A little more than a year ago, at the 2014 Tour Down Under, I got to ride my bike in the Adelaide Hills for the first time. It was an eye-opening experience — I always knew there were some great climbs near Adelaide but I didn’t realise how close to the city they were. Melburnians: imagine having the 1 in 20 less than 10km from the Melbourne CBD. Yeah. Awesome.
Last week I was lucky enough to head over to the Tour Down Under for the second year in a row, again covering the race for CyclingTips. I took my bike in the hope of getting out and exploring some more of the many terrific climbs in reach of the city.
Unlike last year, where I managed to get out for new fewer than five rides for the week, this time I only managed two short rides (and a run). I was certainly hoping to spend some more time on the bike, but I’ll definitely take two rides over none. Here are the new climbs I got a chance to check out.
Last year I got the opportunity to descend Greenhill Road and it was one of the most memorable descents of the trip, not least because of the city views that open up partway through the climb. This time around I was keen to tackle Greenhill in the opposite direction and see what it’s like as a climb.
As with most of the climbs into the Adelaide Hills east of the city, it’s an uphill approach to the start of the Greenhill Road climb proper. Nothing particularly steep, just a gentle uphill drag that gets you nicely warmed up before the more serious climbing begins.
I’m not quite sure where local Adelaidian cyclists take the “start” of the Greenhill Road climb to be but from Strava it looks like there are three main length options: 9.6km at 5%, which starts a little closer to town; 7.2km at 7%, which starts a little closer to the hills; and 6.5km at 6%, which seems to skip part of the climb.
My inclination would be to go for the middle option, where the climb “starts” just after Glynburn Road and extends for 7.2km.
Like Norton Summit, the Greenhill Road climb isn’t particularly impressive to begin with. You’re climbing through the suburbs of Adelaide with plenty of traffic around and a pretty ordinary road surface in a lot of places. Thankfully that soon changes.
I found the first part of the climb to be the steepest. The road seemed to be close to 10% for much of the opening kilometre or so, but after that it settled down and it was easier to find a more comfortable rhythm.
After a couple of kilometres the traffic seemed to die down as well and then the views started to improve. There’s a terrific vantage point over the city after 2.4km of climbing and the views throughout are actually quiet impressive. I was riding with my CyclingTips boss Wade and we stopped for a handful of photos in this early section. With a tight schedule though we needed to make up some time, so Wade went to the front on the top section of the climb and upped the tempo. Ouch.
This is a climb I’d love to head back and do again at some point, and try to see what sort of time I could do it in. Coming from Melbourne, where you have to travel at least 40km from the CBD to get a climb this long and scenic, it blows my mind that this ascent starts less than 7km from the centre of Adelaide.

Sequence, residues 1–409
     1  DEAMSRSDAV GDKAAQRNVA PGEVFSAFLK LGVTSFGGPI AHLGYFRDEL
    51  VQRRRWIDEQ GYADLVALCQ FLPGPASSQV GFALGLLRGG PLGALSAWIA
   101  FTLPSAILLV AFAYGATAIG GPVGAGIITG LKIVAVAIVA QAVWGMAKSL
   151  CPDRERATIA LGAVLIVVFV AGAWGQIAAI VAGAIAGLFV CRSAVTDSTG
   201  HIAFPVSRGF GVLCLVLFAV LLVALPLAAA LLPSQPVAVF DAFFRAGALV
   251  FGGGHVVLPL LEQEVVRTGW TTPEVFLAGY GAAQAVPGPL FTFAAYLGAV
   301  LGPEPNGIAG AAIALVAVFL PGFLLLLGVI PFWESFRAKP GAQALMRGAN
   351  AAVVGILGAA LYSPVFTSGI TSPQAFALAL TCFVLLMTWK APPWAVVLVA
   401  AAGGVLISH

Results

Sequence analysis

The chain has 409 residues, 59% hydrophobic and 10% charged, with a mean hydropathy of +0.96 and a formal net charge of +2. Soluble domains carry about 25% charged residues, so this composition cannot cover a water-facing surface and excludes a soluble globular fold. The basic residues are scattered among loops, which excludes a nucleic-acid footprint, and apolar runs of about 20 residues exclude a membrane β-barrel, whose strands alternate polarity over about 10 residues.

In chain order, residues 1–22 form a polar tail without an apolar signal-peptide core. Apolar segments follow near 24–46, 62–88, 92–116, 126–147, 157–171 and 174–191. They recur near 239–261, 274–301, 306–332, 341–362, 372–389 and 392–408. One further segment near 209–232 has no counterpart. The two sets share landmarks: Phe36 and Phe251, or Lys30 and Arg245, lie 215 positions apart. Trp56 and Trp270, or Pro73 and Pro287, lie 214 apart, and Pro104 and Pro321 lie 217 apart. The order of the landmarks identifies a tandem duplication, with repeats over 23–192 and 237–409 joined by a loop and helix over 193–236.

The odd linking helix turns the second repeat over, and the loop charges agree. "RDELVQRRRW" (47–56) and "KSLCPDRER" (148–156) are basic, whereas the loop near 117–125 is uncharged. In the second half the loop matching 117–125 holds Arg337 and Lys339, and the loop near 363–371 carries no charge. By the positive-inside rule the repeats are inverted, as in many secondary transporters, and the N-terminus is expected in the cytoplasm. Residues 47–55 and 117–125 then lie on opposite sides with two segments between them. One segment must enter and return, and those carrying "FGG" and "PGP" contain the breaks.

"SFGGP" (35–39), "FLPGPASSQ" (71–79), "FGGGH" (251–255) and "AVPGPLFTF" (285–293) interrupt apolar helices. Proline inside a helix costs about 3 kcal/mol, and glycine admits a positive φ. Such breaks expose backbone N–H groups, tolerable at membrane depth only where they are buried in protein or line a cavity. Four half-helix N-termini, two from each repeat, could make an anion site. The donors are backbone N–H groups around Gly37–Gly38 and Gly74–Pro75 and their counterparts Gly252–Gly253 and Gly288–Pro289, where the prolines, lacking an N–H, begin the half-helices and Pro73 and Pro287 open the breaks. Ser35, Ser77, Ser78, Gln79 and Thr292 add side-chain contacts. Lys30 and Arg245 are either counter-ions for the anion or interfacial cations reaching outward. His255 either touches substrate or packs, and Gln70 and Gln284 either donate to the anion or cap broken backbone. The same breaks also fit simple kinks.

Old Norton Summit
In the same way that the 1 in 20 is arguably the benchmark climb in Melbourne, Norton Summit Road is a real testing ground for Adelaide cyclists. But right next door to Norton Summit Road is Old Norton Summit Road, presumably the main road up to the small town before the “new” Norton Summit Road was built.
As with Greenhill, I’d descended Old Norton last year but this time around I was keen to experience it as a climb.
Old Norton Summit Road is 5.2km at 6%, a little shorter and steeper than its more popular neighbour, and the two climbs start in the same place: where Macgill Road becomes Old Norton Summit Road.
Like Norton Summit the start of Old Norton isn’t particularly scenic, but it also doesn’t really improve all that much on the way up. That’s not to say that it’s an ugly climb, just that it lacks the amazing views of the upper reaches of “New Norton”.
I found the climb to be quite “rampy” with some sections that were really easy and others that were considerably less so. The Strava profile seems to suggest that the first 3km are reasonably gentle, but from then on it’s quite a bit steeper. I do remember there being some steeper ramps towards the top but the climb is short enough that it doesn’t feel massively challenging.
This is another climb I’d love to come back to and have a real crack at.
For next time …
I’d love to come back to Adelaide do to some riding at a time when I’m not having to rush off to get to work. There are a number of climbs I’d like to check out when that happens.
Old Willunga Hill is one such climb. Having driven up this hill in the media car on stage 5 of the TDU I can tell you it’s a stunning bit of road. The views out to the left as you climb are just amazing and it would be a joy to ride this stretch of road that has become so famous in recent years.
I’d also like to give Torrens Hill Road a crack. This is the climb on which Rohan Dennis made his race-winning move at this year’s TDU. Having been in the Shimano Neutral Service car on that stage and seeing the carnage this steep ascent caused, I’d love to give it a go myself.
There are so many others, plus I’d love to head back to Corkscrew Road, the Nortons, Greenhill and a few more to see how fast I could do them. It might need to be a long visit …